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ImClone's Poetic Justice

Sam Waksal, former CEO of ImClone Systems
AP
Sam Waksal, former CEO of ImClone Systems

A week after Bristol-Myers Squibb made its move for ImClone Systems , one of the people who made the biotech infamous could be getting out of the clink.

A source tells me IMCL founder and former CEO Sam Waksal will be walking out of the federal prison in Milan, Michigan (pronounced My-lun, not like the Italian Mih-lahn) between today and August 14th. "New York Magazine" recently reported that he'll go straight to a halfway house in the Bronx for awhile before going completely free.The Bronx is a major comedown for the guy who was a bit of of a player in the trendy, expensive SoHo neighborhood of Manhattan and the Hamptons.

Waksal pleaded guilty to calling his father and his daughter and telling them to hurry up and sell their ImClone shares before his company publicly released the news that the Food and Drug Administration was kicking back the application for approval of the cancer drug Erbitux. Of course, that announcement caused the stock to take a dive. It's the same phone-tree selling cycle that Martha Stewart got caught up in and later ended up going to prison for lying to the feds about the transaction.

I'm guessing Waksal doesn't feel the same way, but man, time flies. It seems like yesterday I was standing outside his first federal home in Schuykill, Pennsylvania when he surprisingly had the driver stop the car so he could get out and make a statement for the small gaggle of reporters staking out the joint. But others who know Waksal say that didn't surprise them at all because the guy was like a moth to a flame when cameras were around.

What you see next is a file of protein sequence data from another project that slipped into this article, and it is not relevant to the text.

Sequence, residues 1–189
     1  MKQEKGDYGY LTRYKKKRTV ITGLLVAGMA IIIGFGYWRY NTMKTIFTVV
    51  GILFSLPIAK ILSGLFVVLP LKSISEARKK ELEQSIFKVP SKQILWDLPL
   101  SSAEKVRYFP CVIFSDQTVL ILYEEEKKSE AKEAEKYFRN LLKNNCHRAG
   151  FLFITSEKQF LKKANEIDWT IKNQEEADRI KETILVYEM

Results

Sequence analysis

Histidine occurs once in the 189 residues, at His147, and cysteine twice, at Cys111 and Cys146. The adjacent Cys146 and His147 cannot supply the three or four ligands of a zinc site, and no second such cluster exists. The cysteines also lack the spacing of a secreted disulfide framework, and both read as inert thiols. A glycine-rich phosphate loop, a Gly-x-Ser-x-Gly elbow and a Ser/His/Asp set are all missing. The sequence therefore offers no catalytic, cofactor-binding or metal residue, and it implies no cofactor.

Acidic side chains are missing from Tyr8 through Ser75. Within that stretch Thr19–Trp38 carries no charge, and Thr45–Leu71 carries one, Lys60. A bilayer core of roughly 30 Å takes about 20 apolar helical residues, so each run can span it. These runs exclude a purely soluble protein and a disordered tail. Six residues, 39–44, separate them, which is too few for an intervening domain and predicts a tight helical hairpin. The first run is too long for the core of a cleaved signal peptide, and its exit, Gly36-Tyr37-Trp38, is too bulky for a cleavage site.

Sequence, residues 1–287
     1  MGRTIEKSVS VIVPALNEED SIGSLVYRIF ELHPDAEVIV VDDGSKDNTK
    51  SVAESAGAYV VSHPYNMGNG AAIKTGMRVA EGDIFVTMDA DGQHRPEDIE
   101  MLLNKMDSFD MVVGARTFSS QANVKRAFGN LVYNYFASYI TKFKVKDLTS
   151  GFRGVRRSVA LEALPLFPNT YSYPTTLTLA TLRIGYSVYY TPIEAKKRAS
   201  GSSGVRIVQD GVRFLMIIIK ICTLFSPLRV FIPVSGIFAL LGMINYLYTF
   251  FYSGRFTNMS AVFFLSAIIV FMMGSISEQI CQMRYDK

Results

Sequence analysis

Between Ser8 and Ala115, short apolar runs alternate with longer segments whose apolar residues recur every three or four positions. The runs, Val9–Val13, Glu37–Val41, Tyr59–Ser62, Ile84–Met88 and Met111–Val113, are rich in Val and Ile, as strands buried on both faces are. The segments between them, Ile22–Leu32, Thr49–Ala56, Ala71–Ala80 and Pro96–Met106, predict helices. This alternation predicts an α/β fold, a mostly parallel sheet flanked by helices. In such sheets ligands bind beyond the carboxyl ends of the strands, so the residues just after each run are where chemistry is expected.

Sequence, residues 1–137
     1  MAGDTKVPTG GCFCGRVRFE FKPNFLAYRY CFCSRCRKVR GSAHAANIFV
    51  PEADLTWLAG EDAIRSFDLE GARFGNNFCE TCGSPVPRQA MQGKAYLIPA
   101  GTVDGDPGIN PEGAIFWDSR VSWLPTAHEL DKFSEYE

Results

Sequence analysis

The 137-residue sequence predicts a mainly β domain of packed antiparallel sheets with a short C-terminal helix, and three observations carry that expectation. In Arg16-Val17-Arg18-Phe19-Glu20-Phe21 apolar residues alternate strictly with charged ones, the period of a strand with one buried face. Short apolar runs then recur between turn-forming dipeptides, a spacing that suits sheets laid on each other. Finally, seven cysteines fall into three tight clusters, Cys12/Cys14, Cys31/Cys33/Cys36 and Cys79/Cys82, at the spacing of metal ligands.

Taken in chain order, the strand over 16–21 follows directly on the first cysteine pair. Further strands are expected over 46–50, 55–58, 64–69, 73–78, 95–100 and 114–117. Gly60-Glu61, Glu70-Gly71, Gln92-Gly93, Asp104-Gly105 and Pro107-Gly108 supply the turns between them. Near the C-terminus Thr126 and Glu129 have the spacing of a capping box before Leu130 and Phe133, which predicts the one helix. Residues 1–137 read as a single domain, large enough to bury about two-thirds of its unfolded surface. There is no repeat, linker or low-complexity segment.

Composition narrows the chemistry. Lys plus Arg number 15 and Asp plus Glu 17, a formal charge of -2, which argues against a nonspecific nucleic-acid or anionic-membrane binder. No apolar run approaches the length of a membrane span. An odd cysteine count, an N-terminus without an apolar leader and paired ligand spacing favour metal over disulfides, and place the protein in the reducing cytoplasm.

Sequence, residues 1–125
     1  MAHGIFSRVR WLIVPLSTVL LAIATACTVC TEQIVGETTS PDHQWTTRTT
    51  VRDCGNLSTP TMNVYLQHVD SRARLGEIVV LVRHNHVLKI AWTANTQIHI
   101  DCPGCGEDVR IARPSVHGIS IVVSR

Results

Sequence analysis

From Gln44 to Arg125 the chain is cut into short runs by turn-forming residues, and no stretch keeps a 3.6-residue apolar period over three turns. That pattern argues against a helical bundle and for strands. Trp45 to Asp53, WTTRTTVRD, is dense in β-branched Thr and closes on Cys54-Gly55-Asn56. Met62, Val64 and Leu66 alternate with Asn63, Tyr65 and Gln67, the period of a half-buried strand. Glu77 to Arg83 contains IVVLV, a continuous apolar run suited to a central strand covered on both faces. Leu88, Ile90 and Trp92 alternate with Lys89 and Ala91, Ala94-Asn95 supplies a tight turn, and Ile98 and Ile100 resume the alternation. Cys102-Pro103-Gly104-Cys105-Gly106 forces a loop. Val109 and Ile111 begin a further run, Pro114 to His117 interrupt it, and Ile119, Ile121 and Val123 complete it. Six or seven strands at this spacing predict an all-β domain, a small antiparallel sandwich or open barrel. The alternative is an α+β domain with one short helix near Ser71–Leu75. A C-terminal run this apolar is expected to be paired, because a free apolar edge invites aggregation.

During the whole scandal, I always had to bark questions at Waksal as he quickly walked through the scrum of photographers and reporters at the courthouse. He only sat down for an interview with CBS' "60 Minutes". I'm not sure the likes of Steve Kroft and other media stars still have the level of interest they once had in Waksal, so maybe I've got a fighting chance this time. I've put in a request to talk to him one-on-one, but I'm not holding my breath.

In preparation for his release, I went back and re-read the federal complaint against him. And one thing still sticks out: That Waksal was, according to the government, $80 million in debt, more than $65 million of that was "margin debt secured by his shares of ImClone stock," and that he was paying more than $800,000 a month--$800,000 a month!!!--"to service his indebtedness".

Now, Sam Waksal is almost done paying his debt to society/investors.

Questions? Comments? Pharma@cnbc.com